Cover image via Gospel Media Library.

I spoke at my brother-in-law’s memorial recently. Many people looked at Bob’s life and correctly surmised that he made a lifetime of poor choices. Yet he was the one who would stop to help anyone, give away the last $20 of his $750 monthly Social Security check, care for other’s animals, and help alcoholic friends get to Alcoholics Anonymous. He always thanked Richard and me multiple times and said “I love you” numerous times for any help we gave him. I shared this story.

When my mother- and father-in-law passed away, my husband and I, along with his sister and her husband, and Bob gathered at my in-laws’ condo to divide up their belongings. I told several friends about this upcoming event and heard horror stories of family members who thought they had solid relationships with their siblings, but when it came to divvying up their parent’s belongings, those siblings became contentious, competitive, angry, some never speaking again except through attorneys. I thought Richard had a good relationship with both of his siblings but I wondered what would happen.

There we were in the condo. My sister-in-law suggested we first divide up the furniture. There were three dressers. We all went to look at them. Two were unique, the other was ordinary. Bob said, “I could use a dresser but I don’t care which one. You two choose first.” Bob had set the tone, and that’s how it continued. I imagined my in-laws smiling as they watched this harmonious process from beyond the veil. Bob fostered family unity in what had been to others a powder keg. What a way to honor departed parents and earthly siblings!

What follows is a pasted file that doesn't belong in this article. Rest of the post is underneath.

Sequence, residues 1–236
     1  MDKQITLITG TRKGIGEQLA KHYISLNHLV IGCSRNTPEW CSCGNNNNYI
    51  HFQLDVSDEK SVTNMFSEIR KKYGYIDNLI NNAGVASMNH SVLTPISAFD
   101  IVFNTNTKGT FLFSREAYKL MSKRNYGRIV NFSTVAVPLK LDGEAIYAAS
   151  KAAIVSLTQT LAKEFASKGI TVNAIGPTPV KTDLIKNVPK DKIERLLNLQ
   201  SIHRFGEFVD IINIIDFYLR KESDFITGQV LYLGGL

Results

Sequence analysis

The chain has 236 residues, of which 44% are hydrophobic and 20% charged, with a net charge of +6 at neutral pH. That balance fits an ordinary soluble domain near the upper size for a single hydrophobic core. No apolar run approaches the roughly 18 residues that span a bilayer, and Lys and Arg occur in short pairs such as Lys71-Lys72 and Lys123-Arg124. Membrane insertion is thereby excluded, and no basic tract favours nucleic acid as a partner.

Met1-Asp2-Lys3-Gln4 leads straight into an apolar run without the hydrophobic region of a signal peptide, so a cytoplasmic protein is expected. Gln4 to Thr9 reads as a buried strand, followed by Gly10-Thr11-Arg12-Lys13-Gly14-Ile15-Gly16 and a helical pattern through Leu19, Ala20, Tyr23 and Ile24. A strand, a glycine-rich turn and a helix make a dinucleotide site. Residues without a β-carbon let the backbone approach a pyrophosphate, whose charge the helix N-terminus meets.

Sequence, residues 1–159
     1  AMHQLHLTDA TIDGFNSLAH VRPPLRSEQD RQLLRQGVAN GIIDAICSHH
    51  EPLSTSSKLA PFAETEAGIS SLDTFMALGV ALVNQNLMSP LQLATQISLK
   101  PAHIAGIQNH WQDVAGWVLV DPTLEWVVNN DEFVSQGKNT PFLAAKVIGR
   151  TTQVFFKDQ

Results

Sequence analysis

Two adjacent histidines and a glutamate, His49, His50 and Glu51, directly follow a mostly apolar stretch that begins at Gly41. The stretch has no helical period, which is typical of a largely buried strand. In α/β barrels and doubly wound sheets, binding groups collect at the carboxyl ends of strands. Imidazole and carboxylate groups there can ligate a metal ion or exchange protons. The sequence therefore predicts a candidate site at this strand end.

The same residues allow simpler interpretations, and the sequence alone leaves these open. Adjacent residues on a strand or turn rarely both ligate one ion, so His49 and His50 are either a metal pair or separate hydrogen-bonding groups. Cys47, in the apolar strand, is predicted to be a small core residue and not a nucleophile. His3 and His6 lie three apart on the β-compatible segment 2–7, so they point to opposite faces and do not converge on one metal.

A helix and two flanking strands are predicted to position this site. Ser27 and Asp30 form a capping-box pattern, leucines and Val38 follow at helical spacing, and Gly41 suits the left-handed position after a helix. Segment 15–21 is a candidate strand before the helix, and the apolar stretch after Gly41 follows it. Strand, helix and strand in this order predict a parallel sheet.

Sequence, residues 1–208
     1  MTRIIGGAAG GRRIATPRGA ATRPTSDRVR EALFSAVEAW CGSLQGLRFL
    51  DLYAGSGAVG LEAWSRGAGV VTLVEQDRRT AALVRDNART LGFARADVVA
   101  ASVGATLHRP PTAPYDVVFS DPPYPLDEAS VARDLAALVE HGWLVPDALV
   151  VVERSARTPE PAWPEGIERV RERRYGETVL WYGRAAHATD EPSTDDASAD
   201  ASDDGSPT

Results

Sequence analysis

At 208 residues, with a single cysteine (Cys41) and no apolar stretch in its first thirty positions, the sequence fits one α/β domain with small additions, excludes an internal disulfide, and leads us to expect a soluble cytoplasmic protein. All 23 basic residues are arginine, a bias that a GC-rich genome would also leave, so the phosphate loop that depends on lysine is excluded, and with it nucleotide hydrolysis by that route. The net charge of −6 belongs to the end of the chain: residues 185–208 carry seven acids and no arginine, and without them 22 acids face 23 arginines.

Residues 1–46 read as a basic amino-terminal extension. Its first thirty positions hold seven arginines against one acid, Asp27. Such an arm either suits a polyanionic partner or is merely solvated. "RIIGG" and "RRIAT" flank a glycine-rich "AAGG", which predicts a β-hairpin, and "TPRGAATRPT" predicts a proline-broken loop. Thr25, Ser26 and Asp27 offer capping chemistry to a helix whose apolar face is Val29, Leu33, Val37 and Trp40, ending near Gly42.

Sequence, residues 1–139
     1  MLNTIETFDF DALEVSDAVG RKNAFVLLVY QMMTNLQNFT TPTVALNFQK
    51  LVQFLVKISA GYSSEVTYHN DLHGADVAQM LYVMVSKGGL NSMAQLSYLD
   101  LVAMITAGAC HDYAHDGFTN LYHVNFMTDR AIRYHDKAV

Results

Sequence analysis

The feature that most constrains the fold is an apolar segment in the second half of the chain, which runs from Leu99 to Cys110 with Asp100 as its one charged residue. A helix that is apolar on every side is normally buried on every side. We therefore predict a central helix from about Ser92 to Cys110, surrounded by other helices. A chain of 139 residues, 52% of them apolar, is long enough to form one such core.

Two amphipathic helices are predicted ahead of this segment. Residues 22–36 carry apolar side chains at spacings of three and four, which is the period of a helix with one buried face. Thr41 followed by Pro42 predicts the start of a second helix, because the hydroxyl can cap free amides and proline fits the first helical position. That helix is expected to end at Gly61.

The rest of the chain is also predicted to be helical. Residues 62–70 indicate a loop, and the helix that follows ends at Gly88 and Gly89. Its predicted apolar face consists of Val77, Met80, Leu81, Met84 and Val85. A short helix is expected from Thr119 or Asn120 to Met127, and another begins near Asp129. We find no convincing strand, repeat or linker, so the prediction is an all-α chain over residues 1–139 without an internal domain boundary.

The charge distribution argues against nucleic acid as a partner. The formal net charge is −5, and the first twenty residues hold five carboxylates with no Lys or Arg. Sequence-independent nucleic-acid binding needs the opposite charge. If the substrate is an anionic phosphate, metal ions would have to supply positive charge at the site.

The perfect example of honoring parents is Jesus Christ. In the 21 chapters of the book of John in the New Testament, Jesus refers to His Father over 100 times, showing His absolute obedience, devotion, and love. Here are a representative few:

“The Son can do nothing of himself, but what he seeth the Father do” (John 5:19).

“For the Father loveth the Son, and sheweth him all things that himself doeth” (John 5:20).

“I seek not mine own will, but the will of the Father” (John 5:30).

“The works which the Father hath given me to finish, the same works that I do, bear witness of me, that the Father hath sent me” (John 5:36).

“I am come in my Father’s name” (John 5:43).

“I do nothing of myself; but as my Father hath taught me” (John 6:28).

“He that sent me is with me: the Father hath not left me alone; for I do always those things that please him” (John 6:29).

The words of Jesus Christ, as recorded in 3 Nephi in the Book of Mormon, include over one hundred instances in which Jesus gives all honor, glory, and credit to His Father:

“This is the land of your inheritance; and the Father hath given it unto you” (3 Nephi 15:13).

“This much did the Father command me” (3 Nephi 15:16).

“I was commanded to say no more of the Father concerning this thing” (3 Nephi 15:18).

“The Father hath commanded me, and I tell it unto you” (3 Nephi 15:19).

“Ye are numbered among those whom the Father hath given me” (3 Nephi 15:24).

Jesus would have the same honor and love for His Heavenly Mother as He does for His Heavenly Father. We have scriptural evidence of how He cared for and respected His earthly mother. Even when His “hour was not come,” He performed a miracle for Mary, turning the water at the marriage in Cana into high quality wine (John 2:1-11).